Thermal conductivity dictates lifespan: One of the things you need to think about when determining the life of your thermal paste is the thermal conductivity. It is important that you choose your thermal paste based on the conductivity that you need to keep your system cooled.
Each paste will come with a specific thermal conductivity rating. In general, the higher the thermal conductivity rate, the sooner you will have to replace it.
What is the paste’s consistency? Different consistencies work best with different makes and models. Liquid thermal pastes will move 70 W/mk whereas non-metallic compounds will move about 7 W/mk. The higher the number, the better it will be at conducting heat.
While the consistency doesn’t have a direct correlation to lifespan, it seems that non-metallic compounds will need to be replaced first.
Density dicates shelf life and usage: Application of the thermal paste will obviously dictate its lifespan. When the application is more precise, it will last longer. Liquid thermal paste is far more difficult to apply than other kinds, so it is hard to get it right to get the most out of it.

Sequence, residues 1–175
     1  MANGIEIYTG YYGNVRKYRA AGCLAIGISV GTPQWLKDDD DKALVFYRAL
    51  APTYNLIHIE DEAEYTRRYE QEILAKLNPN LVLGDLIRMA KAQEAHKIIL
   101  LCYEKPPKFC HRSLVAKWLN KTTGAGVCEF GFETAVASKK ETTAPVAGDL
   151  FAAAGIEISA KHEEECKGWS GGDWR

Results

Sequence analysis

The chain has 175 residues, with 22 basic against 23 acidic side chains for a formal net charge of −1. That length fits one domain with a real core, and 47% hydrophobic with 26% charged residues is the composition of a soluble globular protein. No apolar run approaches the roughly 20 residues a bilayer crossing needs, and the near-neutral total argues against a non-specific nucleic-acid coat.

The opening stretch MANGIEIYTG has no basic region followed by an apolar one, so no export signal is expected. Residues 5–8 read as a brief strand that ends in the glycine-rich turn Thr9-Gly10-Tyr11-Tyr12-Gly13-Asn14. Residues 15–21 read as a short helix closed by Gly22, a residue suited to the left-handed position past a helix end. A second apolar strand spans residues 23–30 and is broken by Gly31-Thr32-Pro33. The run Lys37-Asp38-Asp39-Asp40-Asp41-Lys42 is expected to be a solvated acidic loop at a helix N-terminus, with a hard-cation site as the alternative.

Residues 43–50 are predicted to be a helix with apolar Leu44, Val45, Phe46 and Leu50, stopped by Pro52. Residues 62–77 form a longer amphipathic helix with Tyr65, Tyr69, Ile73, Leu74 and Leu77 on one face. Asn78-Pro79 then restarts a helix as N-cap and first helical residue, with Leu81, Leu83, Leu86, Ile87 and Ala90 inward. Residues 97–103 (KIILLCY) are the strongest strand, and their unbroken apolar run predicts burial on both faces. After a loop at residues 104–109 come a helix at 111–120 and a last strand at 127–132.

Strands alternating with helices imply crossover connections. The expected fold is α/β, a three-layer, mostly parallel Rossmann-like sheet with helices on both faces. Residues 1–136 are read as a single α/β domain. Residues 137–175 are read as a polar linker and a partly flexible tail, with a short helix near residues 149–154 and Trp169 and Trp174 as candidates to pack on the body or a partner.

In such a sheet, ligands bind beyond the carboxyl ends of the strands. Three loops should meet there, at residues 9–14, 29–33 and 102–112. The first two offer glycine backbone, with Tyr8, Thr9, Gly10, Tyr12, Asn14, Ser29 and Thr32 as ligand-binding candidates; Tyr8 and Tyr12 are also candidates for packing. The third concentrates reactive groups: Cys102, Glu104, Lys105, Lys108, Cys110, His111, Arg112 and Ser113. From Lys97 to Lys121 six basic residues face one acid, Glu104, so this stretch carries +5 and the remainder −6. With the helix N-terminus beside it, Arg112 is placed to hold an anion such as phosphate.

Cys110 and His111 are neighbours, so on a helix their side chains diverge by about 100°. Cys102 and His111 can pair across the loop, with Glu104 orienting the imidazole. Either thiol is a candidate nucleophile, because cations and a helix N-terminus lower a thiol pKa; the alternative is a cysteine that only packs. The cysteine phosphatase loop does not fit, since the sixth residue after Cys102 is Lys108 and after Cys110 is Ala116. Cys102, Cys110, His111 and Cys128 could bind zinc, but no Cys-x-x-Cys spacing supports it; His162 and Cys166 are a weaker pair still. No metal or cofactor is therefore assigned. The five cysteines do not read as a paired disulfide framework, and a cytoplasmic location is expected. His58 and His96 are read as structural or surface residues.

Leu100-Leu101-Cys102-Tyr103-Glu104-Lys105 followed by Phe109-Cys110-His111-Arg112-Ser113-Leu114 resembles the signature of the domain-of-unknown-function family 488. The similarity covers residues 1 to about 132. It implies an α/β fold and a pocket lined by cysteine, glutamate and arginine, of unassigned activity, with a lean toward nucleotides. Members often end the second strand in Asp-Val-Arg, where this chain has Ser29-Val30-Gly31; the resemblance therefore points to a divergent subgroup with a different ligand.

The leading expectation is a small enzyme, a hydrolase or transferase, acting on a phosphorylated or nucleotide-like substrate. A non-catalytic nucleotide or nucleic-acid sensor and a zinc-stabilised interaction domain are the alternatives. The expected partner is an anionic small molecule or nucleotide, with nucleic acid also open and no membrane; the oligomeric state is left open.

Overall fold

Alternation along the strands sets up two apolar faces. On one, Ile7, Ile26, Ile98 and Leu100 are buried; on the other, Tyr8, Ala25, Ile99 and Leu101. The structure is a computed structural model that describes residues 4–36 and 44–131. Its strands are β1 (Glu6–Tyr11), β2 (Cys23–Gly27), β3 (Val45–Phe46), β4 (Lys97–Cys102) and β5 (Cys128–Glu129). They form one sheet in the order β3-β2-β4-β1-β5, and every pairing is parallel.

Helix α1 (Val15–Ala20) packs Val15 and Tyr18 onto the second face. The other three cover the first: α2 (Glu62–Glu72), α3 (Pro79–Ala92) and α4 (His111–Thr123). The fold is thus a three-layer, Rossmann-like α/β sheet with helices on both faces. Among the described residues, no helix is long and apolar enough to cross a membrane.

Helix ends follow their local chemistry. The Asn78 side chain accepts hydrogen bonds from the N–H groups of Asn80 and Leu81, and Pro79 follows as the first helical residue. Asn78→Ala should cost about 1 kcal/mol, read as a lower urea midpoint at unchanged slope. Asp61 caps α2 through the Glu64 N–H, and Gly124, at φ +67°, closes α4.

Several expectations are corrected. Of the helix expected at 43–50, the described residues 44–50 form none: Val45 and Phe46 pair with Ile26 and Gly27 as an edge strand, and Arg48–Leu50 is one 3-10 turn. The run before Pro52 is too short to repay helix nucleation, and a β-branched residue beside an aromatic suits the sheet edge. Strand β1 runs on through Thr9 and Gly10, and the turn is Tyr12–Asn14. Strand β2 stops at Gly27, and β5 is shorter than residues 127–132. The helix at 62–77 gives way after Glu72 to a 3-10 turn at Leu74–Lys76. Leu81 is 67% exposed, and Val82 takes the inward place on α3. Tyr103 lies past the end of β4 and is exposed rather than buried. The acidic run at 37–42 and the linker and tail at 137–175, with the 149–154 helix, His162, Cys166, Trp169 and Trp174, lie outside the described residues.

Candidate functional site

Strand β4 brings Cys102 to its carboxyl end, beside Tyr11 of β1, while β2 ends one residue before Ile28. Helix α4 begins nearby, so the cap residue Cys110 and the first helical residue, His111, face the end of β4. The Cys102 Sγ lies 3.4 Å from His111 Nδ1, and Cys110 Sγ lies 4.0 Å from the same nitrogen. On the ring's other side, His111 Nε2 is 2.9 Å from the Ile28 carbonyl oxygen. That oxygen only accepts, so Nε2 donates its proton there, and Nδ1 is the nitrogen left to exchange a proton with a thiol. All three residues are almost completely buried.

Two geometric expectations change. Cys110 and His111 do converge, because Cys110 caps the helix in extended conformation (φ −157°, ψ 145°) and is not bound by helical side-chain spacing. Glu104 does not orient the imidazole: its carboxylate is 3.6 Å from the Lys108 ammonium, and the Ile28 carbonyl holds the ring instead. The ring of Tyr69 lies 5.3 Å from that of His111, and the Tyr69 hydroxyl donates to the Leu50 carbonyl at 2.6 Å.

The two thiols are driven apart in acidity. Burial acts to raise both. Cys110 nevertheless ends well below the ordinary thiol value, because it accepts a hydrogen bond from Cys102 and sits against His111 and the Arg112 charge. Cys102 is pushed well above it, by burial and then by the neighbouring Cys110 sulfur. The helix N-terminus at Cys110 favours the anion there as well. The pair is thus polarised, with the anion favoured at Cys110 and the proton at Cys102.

When you apply the paste, you need to be careful and do the best job that you can. Do not rush this. If you do, your thermal paste will expire more quickly. Apart from the thermal paste expiring, sloppy application can actually destroy and eat away at other components.
Another way to avoid this is to look at the viscosity of your compound. The thicker it is, the more it will look like a paste and the easier it is to control. If you start to use your thermal paste and it is too liquid, it has expired and you should move onto something else.
How Much Thermal Compound Should I Use?
As you know that thermal paste expires, there is a tendency to use as much as you can to get the most for your money. Avoid this impulse. Instead, use only a small amount of the paste. Start with an amount about the size of a pea and if that doesn’t look like enough, add a small amount.